Acton Institute Powerblog

California: Up in Smoke

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Rev. Robert Sirico comments on California’s Proposition 86, a measure which would nearly triple state tobacco taxes to fund health care initiatives. “It is true, of course, that governments always act on moral premises of some sort,” he writes. “Punishing crimes against person and property are acts of moral sanction. But on the taxation of cigarettes, we have seen that numerous faith leaders and religious groups are more than willing to cede their responsibility for moral leadership to the government.”

Read the full commentary here.

Jonathan Spalink


  • David Romero

    Why should the saintly draw the line on cigarettes; what about tax increases on cigars, chewing tobacco and pipe tobacco, or are the latter construed as somehow less "sinful"? As a matter of fact, just who decided smoking or chewing tobacco is sinful, in the first place? Ah, there’s the rub. It’s all a cash nexus. Convince the voters that smokers are a pariah and deserve to be punished vis-a-vis taxes for the benefit of others– notwithstanding the World Health Organization’s report stating that second-hand smoking is not– repeat, not– harmful to others. My message to the legions of saintly guardians: If you don’t want to light up, then lighten up.

  • A.B. Dada

    Wallis is probably not a Christian, so I’m not sure why so many people label him as such.

    From what I’ve found in the Bible, Jesus was pretty specific here:

    "You hypocrite! First remove the beam out of your own eye, and then you can see clearly to remove the speck out of your brother’s eye."

    Matthew 7:5

    Creating a sin tax is the equivalent of judging others. The sign of a Christian is one who bears good fruit, and judging others is definitely not bearing good fruit.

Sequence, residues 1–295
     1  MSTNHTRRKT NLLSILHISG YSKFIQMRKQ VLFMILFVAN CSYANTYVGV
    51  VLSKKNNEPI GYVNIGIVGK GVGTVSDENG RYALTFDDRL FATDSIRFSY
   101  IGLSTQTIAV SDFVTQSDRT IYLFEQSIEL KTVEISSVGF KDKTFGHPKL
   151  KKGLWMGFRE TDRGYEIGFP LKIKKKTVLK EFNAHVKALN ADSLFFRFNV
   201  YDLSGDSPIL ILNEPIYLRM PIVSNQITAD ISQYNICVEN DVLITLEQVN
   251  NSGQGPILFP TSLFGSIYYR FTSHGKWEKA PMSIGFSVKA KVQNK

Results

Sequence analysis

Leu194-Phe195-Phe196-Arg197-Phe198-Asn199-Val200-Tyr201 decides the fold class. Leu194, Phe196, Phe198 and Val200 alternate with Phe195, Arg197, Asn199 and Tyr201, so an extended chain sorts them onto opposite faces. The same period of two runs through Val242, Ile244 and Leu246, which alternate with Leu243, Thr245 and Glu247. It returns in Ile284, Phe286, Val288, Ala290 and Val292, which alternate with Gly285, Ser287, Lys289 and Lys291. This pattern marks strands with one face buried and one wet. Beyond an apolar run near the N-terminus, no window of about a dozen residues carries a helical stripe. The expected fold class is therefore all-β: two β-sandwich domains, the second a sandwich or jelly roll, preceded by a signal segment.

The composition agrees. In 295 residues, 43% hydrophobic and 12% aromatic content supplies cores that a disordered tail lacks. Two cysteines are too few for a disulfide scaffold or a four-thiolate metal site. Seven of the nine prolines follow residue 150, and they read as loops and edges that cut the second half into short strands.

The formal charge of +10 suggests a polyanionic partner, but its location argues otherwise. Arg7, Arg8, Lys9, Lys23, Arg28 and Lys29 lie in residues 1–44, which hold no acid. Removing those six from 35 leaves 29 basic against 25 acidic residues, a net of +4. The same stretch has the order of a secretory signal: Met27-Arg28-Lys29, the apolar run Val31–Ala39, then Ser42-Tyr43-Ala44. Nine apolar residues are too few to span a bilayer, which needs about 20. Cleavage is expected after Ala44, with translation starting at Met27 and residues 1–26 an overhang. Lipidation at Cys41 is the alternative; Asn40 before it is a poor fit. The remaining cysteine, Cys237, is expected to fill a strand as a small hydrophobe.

• Joseph Scian

    I agree with all the points made be Father Sirico, and I’d add another that should resonate with the Wallis types [lefty-liberals (redundant?)]. This tax, and most of the "sin" taxes are terribly regressive. Who smokes now-a-days anyway? Disproportionately we’re talking about the lower socio-economic classes.

  • smokedoctor

    Tobacco increases costs for us all,, and is linked to moral evils

    80%% higher rate of abortion,

    90%% re alcoholism,

    90%% re crime,

    People such as Fr. Sirico do not acknowedge such facts; they insist on their theories, and don’t want to be confused by facts to the contrary. such "clergymen" pretend to oppose evils such as abortion, alcoholism and crime, but object to prevention measures — thus showing their real beliefs. "Righ to life" tyopes are particularly obsessed with supporting tobacco and opposing anything that might reduce tobacco use,
    Such allegedly "pro-life" types are in fact pro-death, including tobacco-caused abortions which they conveniently rename as "miscarriages."

    Clergymen of the past had higher moral views on the tobacco subject,

  • David Pendleton

    Let’s admit it: sin taxes are, well, taxes. Their purpose is to raise revenue. If the government wants to prohibit and end an activity, they pass laws making such an activity a crime of some sort. On the other hand, conduct sometimes lends itself to higher taxes than would be normally political sustainable. Politicians find convenient the fact that smoking is unhealthful. That fact allows them to utilize the practice as a means for raising revenue. It also allows them to appear to support a noble goal — clean air, public health, etc. I’m describing here, not prescribing. This is the way it is, and Fr. Sirico’s commentary is right on point. In Hawaii, we banned smoking in enclosed public spaces and in government buildings. This may not have raised any revenue, but it did honestly achieve the goal of a smoke free environment for those of us who value clean air. It also allows those who wish to subject their lungs to carcinogens to their heart’s content so long as they are outside.